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discntnt_irny_srcsm

Profile Information

Gender: Male
Hometown: Philly
Home country: USA
Current location: NJ
Member since: Thu Apr 21, 2011, 10:48 AM
Number of posts: 15,945

About Me

"The most successful tyranny is not the one that uses force to assure uniformity but the one that removes the awareness of other possibilities, that makes it seem inconceivable that other ways are viable, that removes the sense that there is an outside." AND "That to secure these rights, Governments are instituted among Men, deriving their just powers from the consent of the governed..." AND "The one pervading evil of democracy is the tyranny of the majority, or rather of that party, not always the majority, that succeeds."

Journal Archives

The assault weapons controversy

Attorneys for the Maryland State Rifle and Pistol Association and the National Shooting Sports Foundation on Friday filed the 325-page petition to the U.S. Supreme Court on behalf of Stephen Kolbe and a series of gun stores and shooting clubs asking the court to protect popular semi-automatic rifles and magazines from prohibition. http://www.guns.com/2017/07/24/maryland-assault-weapon-challenge-appealed-to-u-s-supreme-court/


At issue is a Maryland ban passed in 2013. In 2014 a US district judge upheld the ban saying:
"Upon review of all the parties’ evidence, the court seriously doubts that the banned assault long guns are commonly possessed for lawful purposes, particularly self-defense in the home, which is at the core of the Second Amendment right, and is inclined to find the weapons fall outside Second Amendment protection as dangerous and unusual..." wrote U.S. District Judge Catherine C. Blake...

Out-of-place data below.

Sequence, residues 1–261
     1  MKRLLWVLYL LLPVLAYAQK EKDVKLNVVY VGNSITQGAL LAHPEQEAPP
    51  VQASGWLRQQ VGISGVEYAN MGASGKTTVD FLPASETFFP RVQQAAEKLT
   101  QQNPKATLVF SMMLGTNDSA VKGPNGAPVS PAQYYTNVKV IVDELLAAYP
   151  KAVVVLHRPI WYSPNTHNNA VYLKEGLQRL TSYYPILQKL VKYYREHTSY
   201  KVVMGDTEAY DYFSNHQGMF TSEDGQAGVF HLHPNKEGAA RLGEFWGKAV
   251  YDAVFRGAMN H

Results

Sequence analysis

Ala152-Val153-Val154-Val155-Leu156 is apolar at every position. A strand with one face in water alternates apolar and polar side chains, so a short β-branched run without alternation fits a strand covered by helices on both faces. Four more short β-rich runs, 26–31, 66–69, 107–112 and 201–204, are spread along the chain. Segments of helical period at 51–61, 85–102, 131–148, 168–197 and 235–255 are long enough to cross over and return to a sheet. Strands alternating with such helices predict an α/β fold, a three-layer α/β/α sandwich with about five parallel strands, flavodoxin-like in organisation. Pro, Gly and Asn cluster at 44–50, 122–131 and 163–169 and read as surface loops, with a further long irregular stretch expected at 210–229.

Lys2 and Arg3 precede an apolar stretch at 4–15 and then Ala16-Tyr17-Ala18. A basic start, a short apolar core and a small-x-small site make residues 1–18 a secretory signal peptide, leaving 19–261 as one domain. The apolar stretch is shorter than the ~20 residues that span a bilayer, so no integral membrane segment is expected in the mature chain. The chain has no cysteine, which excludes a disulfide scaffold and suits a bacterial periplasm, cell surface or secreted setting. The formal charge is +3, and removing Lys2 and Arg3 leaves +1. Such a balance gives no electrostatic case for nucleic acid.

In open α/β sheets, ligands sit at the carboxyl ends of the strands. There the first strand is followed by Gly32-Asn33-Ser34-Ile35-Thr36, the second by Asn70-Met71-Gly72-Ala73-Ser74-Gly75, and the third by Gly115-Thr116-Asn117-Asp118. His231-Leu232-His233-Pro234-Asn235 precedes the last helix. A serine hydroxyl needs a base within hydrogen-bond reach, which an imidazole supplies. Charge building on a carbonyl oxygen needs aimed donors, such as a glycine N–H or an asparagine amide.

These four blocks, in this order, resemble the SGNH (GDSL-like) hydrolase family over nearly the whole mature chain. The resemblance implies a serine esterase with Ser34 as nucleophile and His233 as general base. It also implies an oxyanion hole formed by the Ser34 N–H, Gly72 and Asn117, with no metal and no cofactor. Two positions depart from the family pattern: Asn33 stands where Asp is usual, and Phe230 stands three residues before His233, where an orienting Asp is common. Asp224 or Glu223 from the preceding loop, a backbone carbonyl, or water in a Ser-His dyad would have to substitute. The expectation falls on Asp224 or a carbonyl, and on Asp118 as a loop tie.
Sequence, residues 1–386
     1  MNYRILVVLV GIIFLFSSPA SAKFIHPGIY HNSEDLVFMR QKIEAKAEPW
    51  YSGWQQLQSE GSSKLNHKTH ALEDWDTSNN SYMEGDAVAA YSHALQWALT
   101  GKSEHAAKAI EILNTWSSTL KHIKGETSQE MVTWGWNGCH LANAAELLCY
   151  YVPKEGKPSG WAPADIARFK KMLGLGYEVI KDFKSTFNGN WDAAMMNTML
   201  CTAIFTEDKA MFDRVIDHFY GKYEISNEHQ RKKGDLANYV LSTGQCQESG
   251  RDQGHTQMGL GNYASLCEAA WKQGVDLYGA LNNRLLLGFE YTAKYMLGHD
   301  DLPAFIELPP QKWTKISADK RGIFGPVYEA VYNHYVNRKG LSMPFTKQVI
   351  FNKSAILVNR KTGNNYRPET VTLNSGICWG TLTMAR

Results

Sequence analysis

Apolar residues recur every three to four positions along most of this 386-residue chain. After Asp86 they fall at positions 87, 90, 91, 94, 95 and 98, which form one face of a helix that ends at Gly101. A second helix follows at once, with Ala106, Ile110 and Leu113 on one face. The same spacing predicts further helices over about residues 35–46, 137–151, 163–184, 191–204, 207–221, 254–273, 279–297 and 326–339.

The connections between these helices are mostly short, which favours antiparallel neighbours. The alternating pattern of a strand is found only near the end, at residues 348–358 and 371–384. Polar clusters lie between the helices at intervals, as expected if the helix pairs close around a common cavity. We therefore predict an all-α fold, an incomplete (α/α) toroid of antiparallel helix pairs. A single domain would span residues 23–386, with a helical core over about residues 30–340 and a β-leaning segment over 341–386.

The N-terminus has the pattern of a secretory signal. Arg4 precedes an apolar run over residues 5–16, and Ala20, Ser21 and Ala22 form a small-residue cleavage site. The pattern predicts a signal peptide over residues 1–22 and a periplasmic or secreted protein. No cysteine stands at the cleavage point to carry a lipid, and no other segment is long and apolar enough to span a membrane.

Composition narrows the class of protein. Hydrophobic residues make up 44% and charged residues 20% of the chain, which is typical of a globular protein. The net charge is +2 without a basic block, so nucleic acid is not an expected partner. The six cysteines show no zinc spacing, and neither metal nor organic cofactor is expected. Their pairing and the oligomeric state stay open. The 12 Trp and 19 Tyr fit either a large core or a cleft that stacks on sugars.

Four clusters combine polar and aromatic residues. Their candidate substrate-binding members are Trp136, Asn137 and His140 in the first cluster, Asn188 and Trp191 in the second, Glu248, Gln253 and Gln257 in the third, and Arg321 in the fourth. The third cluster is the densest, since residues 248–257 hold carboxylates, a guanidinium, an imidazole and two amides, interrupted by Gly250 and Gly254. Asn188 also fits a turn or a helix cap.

...

To explain this, she noted the Supreme Court indicated in Heller that military grade M-16 rifles could be banned as dangerous and unusual, then went on to write "Given that assault rifles like the AR-15 are essentially the functional equivalent of M-16s — and arguably more effective — the same reasoning would seem to apply here."

Blake also found in her ruling that rounds fired from assault weapons have enhanced penetrating capabilities and therefore pose a higher risk to both law enforcement than the bullets fired from other types of firearms. Nevertheless, when plaintiffs questioned the practice under the ban of allowing retired law enforcement officers to receive and keep assault weapons and large capacity magazines, she dismissed the objection saying, "they are better equipped than the general public to handle and store firearms safely."
(Foundational statements by that court which I find faulty are in bold.)

I personally believe that states have certain sovereign powers that do and should allow the regulation of guns within the limits of US SC precedence. The question at issue here for me is that IMHO facts accepted by the court in the original case before Judge Blake were limited and inaccurate.

My issue with any AWB is that a law regulating firearms:
>> Must, without reliance on a brand, model or manufacturer, functionally identify the target weapon.
>> Must not contain language such as "similar to". A weapon meets the criteria or not.
>> Must not contain simply appearance based non-functional criteria.

In your opinion, is there a case where ban on a type of firearm could/should be acceptable?
Please explain your criteria if you answer yes.
If you believe no classes or types of weapons should be more tightly regulated, please explain your reason(s).

Thanks Have a great day.
Posted by discntnt_irny_srcsm | Sun Aug 20, 2017, 10:42 AM (19 replies)
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